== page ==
Viscous and inertial components contribute to arterial distensibility and compliance in vitro. The purpose of our study was to determine whether this phenomenon is of relevance in vivo, namely, whether arterial compliance is altered by an increase in heart rate
Arterial diameter was assessed by an echo-Doppler device in a common carotid and femoral artery, namely, in a large elastic and a muscle artery. The studies were performed in 12-week-old pentobarbitone-anaesthetized Wistar-Kyoto rats subjected to atrial pacing via a transjugular unipolar catheter at five different randomly sequenced rates (280, 310, 340, 370 and 400 beats/min). After each stage, spontaneous sinus rhythm was allowed to return. Blood pressure was measured via a catheter inserted into the carotid or femoral artery contralateral to the vessels in which the diameter was measured. Arterial compliance and distensibility values were derived according to the Langewouters formula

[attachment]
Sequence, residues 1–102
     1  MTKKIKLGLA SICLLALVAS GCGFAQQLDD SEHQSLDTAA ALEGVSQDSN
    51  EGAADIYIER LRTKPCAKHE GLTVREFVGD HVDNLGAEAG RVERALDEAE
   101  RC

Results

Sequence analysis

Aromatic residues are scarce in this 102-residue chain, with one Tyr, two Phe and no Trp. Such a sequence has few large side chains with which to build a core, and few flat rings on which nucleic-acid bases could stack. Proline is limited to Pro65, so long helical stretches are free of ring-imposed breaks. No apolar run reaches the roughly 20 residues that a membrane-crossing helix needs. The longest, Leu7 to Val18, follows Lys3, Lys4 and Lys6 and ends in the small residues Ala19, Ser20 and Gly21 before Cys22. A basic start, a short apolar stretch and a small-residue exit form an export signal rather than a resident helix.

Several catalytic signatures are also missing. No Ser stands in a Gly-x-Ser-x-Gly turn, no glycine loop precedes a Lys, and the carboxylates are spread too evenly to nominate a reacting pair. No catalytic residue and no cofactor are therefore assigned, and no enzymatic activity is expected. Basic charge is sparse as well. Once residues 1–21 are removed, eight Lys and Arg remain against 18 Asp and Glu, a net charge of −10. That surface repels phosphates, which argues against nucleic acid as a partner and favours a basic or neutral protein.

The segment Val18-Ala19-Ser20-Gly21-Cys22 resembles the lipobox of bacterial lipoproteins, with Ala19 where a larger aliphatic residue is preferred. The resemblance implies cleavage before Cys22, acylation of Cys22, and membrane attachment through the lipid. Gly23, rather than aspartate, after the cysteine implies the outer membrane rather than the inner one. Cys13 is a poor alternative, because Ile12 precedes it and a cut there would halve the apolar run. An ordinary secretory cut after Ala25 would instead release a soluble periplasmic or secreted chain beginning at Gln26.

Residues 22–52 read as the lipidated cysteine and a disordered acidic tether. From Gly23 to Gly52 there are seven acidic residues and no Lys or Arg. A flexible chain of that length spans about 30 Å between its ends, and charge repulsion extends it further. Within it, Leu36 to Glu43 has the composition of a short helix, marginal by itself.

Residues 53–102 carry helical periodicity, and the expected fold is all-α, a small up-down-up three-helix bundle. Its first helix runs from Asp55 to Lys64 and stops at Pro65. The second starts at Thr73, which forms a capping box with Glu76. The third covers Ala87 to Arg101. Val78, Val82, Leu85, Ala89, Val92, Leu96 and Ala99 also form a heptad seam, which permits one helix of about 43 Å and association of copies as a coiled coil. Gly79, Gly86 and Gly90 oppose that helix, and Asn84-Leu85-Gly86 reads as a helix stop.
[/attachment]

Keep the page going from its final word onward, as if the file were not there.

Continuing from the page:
A progressive increase in heart rate caused by pacing was accompanied by progressive and marked reductions in carotid artery compliance and distensibility. When quantified by the area under the distensibilitypressure or compliance-pressure curve the reduction was in the range 15-43%. Although a tendency to a similar phenomenon was observed in the femoral artery, in the latter vessel the reduction in distensibility and compliance was less marked and statistically insignificant
In the anaesthetized rat acute increases in heart rate are accompanied by reductions in arterial compliance and distensibility. The effect is greater in elastic than in muscle arteries
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